roll your own ergo apron
Bulk sheets of the soft loop side of velcro are not too hard to find for sale online.
With a fabric (flexible) tape measure, I measured the span across my lap, so I could see how wide an apron & velcro I would want.
Shopping through a great river of products in the sky I found this: Chef Works Unisex Wide Half Bistro Apron with Contrasting Ties, Black W/Gry Stitch, One Size for $17.
I purchased this $15 sheet of velcro "loop" side Gourd Black Woven Loop Material, Wide Loop Fabric 28" x 48"
Ilyse was kind to fire up her sewing machine and run some quick stitches along the edges to hold the loop fabric on to the apron.
Four inch wide strips of velcro hook & loop are sold in fabric stores; you can use these to put on the back of your peripherals. I cut out little windows to allow me to read the model number or serial number of the various devices.
For the first versions of this stuff I have been using a Magic Trackpad from Apple Computer, and a Freestyle2 Blue keyboard from Kinesis. My trackpad fell several times and the glass surface shattered. Some packing tape sealed down the glass shards and the trackpad still receives signal through the tape. I purchase a silicon trackpad wrapper; fortunately it has a hole in the back that allows the velcro hooks to grab through.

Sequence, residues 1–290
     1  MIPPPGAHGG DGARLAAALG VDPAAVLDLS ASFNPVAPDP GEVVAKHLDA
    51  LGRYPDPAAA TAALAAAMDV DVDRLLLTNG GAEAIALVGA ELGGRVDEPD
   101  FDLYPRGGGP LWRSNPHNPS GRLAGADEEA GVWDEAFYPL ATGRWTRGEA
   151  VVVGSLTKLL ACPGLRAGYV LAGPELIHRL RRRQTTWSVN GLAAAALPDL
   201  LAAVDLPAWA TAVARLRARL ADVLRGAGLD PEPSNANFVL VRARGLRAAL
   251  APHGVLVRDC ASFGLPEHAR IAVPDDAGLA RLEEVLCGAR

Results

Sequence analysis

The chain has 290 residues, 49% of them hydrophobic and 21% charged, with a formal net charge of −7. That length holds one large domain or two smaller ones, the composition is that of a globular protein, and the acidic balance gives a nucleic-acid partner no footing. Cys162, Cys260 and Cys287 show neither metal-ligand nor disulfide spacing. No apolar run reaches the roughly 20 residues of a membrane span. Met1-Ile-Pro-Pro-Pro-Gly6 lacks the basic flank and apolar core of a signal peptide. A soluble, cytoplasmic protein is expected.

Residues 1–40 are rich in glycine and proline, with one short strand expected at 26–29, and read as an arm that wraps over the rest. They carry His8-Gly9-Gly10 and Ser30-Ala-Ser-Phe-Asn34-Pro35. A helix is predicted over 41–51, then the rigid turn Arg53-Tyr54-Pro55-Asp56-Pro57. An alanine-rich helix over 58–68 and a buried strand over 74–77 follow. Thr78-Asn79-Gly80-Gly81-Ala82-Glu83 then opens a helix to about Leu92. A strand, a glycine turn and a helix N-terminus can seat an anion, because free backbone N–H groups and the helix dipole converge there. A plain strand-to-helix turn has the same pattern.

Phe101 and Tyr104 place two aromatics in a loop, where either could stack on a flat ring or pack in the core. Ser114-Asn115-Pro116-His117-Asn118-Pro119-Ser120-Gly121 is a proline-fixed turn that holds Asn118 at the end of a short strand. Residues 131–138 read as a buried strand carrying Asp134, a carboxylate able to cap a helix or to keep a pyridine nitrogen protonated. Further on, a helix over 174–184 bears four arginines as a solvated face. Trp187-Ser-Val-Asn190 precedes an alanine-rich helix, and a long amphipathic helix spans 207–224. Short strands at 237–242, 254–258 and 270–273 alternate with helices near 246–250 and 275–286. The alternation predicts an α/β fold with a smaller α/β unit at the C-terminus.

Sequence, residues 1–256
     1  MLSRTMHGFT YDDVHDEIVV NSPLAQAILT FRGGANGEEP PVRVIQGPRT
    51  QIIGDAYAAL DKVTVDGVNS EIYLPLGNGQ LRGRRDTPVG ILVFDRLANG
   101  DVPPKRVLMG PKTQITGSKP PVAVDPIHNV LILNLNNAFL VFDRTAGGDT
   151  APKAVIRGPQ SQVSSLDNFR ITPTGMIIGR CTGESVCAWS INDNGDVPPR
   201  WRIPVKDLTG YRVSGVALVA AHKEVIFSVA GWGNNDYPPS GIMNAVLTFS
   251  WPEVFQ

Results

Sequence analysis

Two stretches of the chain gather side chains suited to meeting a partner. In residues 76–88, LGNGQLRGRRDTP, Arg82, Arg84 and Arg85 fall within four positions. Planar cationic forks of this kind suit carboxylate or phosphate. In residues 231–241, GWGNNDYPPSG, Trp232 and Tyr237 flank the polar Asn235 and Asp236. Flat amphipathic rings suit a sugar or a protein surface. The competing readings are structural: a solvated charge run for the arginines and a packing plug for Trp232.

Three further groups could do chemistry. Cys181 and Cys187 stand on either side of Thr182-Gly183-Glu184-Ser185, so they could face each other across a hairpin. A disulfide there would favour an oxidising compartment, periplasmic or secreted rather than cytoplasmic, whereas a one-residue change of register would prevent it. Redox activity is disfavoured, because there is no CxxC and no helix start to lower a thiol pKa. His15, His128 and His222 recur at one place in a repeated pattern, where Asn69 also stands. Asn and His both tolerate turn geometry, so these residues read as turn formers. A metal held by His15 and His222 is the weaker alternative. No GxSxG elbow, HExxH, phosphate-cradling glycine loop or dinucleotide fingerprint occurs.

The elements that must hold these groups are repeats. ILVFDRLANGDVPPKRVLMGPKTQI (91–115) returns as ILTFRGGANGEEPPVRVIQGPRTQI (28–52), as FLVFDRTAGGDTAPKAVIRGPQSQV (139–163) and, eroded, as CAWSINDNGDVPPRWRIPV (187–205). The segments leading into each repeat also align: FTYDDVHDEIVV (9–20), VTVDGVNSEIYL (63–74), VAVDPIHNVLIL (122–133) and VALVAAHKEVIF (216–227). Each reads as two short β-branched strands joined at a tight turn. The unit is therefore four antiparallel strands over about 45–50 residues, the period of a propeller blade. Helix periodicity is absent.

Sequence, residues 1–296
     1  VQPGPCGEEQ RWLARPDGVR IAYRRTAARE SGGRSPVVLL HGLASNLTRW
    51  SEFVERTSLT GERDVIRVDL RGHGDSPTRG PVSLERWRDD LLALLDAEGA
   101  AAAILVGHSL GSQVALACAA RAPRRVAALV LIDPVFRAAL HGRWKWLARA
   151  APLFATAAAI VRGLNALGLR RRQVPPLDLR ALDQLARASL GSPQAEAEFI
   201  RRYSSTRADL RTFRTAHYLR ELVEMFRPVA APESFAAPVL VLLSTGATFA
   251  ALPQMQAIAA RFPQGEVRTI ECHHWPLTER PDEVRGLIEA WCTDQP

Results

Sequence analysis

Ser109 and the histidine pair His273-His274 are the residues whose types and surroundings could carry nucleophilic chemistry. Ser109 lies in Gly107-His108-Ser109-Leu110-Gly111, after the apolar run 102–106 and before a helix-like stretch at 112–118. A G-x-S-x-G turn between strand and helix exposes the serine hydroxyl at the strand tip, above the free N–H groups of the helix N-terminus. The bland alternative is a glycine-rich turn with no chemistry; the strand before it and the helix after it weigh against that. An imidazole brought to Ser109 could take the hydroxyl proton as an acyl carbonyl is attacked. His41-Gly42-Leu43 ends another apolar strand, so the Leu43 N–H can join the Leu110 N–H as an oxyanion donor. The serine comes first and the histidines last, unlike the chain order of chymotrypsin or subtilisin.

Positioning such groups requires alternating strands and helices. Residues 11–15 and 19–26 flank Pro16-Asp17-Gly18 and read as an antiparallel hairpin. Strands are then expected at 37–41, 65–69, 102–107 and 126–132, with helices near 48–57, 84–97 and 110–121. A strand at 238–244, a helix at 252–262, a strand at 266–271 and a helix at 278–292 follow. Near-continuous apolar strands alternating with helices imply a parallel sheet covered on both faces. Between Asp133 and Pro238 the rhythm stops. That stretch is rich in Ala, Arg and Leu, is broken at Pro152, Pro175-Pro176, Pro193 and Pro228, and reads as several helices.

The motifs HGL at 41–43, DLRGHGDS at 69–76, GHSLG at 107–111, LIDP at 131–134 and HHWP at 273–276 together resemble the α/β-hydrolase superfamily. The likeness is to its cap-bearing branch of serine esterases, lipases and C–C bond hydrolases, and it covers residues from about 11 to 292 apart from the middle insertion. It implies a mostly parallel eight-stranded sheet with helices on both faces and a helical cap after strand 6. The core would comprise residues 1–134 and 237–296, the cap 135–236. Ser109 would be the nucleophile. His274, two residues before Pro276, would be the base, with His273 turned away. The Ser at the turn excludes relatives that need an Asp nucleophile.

The ErgoApron v1 set up for sitting down: peripherals down at my knees.
Why an Apron?
Maybe it was my exposure to Maekake aprons in Japan. I have fond associations with sturdy blue aprons sporting a few specific pockets I first saw at a local festival. I realized a good apron could be a flexible way to carry tools, a bit like I had attempted earlier wearing a toolbelt with mostly media tools in it.
It can take a bit of commitment to put on and remove the apron. You'll want to leave the peripherals attached if you plan to return to the same work situation. If you have a chaotic environment, you'll want to power down or disconnect the peripherals. Or lock your computer good.
Your body is now involved in your inputs and your inputs are not bound to the top of your desk. Stepping away from the computer with the apron on can mean you end up in situations where you're making unpredicted inputs. Giving someone a quick hug can communicate something to your computer. Stirring music and a hip height table leads to swaying and stray keystrokes.
My cyberwatch unlocks my laptop if I'm nearby. My 16 month was hammering on the keyboard while I was across the room fetching him another object. I returned to the keyboard to see "83,619 cells selected" in the application I had been using - terrifying.
If you're full of pee, and lazy with manparts or using a pee funnel to urinate standing up you can rotate the skirt to tinkle out the front.
downsides - room for improvement